North Korea's Satellite Vow
Image Credit: Zennie Abraham

North Korea's Satellite Vow

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The New York Times reports today North Korea’s announcement that it will launch a satellite next month as part of festivities to mark the 100th anniversary of the founding of the Democratic People’s Republic of Korea. The story includes immediate reaction statements from South Korea, the United States, and Japan criticizing North Korean plans for such a launch.

Despite North Korean protestations that they have an inherent right to peaceful use of space, North Korean testing of multi-stage rockets was proscribed by the United Nations in U.N. Security Council resolution 1874 that was passed following North Korea’s 2009 satellite launch and missile tests.

If the test goes ahead, it will destroy any prospect for “simultaneous moves aimed at building confidence” with the United States that North Korea had invoked in its February 29 statement announcing the return of International Atomic Energy Agency inspectors in exchange for U.S. food assistance to North Korea. 

Despite North Korean appeals to the United States to change its “hostile policy,” a launch may scuttle any future prospects for non-hostility in U.S.-North Korea relations, coming on the heels of negotiations at which North Korea pledged not to conduct future missile tests.  Moreover, it directly challenges one of the rationales for supporting the Obama administration’s support of limited agreements with North Korea that such agreements serve to constrain North Korea’s provocative behavior.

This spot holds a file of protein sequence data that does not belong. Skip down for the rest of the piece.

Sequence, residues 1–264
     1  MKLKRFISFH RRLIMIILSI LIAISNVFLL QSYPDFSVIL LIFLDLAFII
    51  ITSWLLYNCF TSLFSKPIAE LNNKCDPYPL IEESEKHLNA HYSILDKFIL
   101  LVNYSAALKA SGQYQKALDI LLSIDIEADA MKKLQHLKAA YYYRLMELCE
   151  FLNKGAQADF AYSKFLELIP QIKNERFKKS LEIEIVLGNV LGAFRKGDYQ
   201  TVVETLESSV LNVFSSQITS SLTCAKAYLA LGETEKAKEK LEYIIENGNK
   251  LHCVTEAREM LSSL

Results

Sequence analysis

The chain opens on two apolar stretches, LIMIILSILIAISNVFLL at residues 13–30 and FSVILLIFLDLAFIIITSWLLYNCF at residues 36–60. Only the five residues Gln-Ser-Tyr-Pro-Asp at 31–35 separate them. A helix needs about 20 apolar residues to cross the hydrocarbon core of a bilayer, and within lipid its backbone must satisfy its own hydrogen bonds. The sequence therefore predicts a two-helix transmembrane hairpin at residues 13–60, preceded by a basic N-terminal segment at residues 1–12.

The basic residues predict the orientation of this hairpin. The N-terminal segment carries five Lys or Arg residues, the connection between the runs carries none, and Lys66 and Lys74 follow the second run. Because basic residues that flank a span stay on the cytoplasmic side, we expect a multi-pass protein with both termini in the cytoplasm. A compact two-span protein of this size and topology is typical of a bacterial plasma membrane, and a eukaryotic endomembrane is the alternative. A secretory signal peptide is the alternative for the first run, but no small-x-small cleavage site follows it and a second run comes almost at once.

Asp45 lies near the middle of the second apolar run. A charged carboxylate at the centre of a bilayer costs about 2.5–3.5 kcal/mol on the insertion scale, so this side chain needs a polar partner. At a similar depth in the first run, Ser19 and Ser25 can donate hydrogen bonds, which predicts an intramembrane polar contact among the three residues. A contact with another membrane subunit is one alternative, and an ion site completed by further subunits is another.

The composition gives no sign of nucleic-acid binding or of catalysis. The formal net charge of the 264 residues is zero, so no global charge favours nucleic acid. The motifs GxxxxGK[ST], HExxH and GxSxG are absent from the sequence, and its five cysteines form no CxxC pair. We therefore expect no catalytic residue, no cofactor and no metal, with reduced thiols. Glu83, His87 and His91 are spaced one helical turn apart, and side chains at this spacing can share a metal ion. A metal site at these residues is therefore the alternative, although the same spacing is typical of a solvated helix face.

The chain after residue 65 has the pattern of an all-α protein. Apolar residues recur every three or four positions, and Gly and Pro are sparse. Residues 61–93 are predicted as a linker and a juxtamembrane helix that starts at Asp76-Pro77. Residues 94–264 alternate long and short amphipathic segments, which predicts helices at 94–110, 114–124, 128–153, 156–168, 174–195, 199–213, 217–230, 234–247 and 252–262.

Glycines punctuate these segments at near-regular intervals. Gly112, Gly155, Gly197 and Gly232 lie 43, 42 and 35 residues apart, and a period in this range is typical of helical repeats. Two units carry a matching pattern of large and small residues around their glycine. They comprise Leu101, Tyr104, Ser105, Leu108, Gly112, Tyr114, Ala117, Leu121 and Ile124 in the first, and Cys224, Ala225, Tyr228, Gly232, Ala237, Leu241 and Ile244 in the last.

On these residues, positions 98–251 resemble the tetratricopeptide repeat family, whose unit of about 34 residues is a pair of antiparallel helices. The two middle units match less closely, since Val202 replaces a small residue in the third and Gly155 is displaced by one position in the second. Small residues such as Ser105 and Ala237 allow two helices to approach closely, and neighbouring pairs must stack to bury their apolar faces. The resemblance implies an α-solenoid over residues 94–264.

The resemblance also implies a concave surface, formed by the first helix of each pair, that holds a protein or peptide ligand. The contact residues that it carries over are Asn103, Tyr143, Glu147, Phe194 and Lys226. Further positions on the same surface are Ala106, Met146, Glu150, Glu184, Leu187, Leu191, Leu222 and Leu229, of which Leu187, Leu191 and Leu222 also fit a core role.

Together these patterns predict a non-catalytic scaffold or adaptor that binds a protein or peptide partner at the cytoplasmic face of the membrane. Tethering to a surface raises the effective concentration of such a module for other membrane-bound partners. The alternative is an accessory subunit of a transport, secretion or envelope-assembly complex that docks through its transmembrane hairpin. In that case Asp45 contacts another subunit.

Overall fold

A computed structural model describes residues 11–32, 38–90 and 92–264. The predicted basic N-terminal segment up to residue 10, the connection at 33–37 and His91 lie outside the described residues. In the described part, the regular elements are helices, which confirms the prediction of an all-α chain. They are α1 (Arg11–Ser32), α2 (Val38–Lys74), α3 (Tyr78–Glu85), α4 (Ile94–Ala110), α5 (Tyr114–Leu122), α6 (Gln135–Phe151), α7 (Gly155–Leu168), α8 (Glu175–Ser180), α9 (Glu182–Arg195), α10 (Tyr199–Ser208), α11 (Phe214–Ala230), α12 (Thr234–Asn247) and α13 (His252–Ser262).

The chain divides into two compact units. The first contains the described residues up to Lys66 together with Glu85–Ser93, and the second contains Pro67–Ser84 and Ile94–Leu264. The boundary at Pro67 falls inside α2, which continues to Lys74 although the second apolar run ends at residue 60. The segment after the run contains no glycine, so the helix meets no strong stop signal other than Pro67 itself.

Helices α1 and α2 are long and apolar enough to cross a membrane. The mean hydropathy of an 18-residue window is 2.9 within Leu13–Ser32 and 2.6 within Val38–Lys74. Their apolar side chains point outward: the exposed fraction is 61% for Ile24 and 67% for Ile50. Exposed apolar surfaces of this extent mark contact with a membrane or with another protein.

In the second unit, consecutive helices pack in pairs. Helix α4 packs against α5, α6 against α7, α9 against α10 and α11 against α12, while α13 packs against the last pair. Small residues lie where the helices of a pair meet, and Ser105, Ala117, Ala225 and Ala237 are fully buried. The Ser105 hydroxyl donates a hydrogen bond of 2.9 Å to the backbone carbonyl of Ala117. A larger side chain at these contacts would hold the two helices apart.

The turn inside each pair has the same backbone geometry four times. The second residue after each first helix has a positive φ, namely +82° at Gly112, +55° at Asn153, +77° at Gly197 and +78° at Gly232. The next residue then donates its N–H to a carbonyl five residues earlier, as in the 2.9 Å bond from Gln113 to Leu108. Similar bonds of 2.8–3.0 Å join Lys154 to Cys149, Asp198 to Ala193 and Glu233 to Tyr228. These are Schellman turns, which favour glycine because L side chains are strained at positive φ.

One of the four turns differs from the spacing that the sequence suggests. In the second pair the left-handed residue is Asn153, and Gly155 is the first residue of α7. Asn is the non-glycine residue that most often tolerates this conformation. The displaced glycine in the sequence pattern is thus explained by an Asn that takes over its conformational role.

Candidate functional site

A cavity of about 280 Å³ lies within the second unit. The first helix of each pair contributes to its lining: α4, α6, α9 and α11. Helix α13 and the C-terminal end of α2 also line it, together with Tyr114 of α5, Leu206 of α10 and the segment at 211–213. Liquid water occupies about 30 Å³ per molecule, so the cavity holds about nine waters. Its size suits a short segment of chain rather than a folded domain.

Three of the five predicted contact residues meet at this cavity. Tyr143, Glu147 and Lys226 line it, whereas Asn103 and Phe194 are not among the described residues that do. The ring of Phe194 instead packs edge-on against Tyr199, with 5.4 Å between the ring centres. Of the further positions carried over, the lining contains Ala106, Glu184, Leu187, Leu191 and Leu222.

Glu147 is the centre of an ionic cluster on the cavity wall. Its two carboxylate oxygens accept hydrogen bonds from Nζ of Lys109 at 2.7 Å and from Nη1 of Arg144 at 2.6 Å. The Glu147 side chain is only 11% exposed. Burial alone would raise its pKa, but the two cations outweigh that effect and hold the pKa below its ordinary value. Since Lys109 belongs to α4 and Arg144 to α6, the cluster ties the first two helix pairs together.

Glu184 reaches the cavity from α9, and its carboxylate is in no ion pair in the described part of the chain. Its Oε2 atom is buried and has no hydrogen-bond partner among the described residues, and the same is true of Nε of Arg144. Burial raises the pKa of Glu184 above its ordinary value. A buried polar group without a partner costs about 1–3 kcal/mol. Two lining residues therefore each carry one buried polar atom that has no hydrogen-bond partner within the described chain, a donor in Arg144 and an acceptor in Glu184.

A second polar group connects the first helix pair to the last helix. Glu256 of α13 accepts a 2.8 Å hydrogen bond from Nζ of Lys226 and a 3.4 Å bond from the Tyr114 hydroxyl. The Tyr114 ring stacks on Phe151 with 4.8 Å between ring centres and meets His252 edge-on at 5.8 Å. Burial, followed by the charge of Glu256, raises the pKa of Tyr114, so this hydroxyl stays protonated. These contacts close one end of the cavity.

North Korea attempted to make the case for its right to launch a satellite in 2009 both in advance of and following its April rocket test and continued to make that case even on the day that Kim Jong-il died, foreshadowing the likelihood of a repeat of such a launch this spring. North Korean rocket launches have historically been tied to domestic leadership events, and the renaming of Kim Jong-il’s birthdate using the name of the rocket launched in 2009 also underscored the likelihood that North Korea would pursue such a launch.

North Korea’s pursuit of a missile launch as a symbol of the consolidation of its domestic leadership will come with considerable cost. It will further weaken the international legitimacy of North Korea and strengthen its isolation. With the notable exception of China, few international observers can accept Kim Jong-un’s succession; even if it is consolidated domestically, North Korea’s dynastic succession is perceived as an anachronism. Although plans for a spring missile test were probably made last year, the test will only heighten international suspicion if the fireworks displays planned for April 15 in Pyongyang are punctuated by a North Korean missile test.

Scott A. Snyder is senior fellow for Korea studies and director of the program on U.S.-Korea policy at the Council on Foreign Relations. He was previously a senior associate in the international relations program of The Asia Foundation and Pacific Forum CSIS. He blogs at Asia Unbound, where this piece originally appeared.

Comments
11
a_canadian_observer
March 20, 2012 at 02:05

@peter: It’s amazing how you twisted the facts to boost china. You were right about the domino effect, however, both VN and china back then worked in favor of “international communism”, whose dream was to dominate the world. china stopped VN from dominating SEA? LOL. china invaded VN because VN foiled china’s lackey, the Khmer Rouge that exterminated 1/3 of Cambodian population. Who trained, supported and supplied these Khmer Rouges? Answer: china.

papa john
March 19, 2012 at 14:08

Anyone, who is much smaller, weaker but willing to stand up against a big bad bully China should be viewed as a better guy for sure. Shame on bully China. How pathetic!

Grant
March 19, 2012 at 00:48

That’s because, as I just pointed out above, everyone (including China) knows that it isn’t a ‘satellite’ and North Korea is not trying to put anything in orbit. When India and Japan say they’re sending satellites into orbit, they are actually sending satellites into orbit. There’s a reason why the U.S doesn’t complain when China puts satellites in orbit, it’s because we know that China is actually putting satellites in orbit. When North Korea says it’s putting satellites in orbit everyone knows they are testing missiles.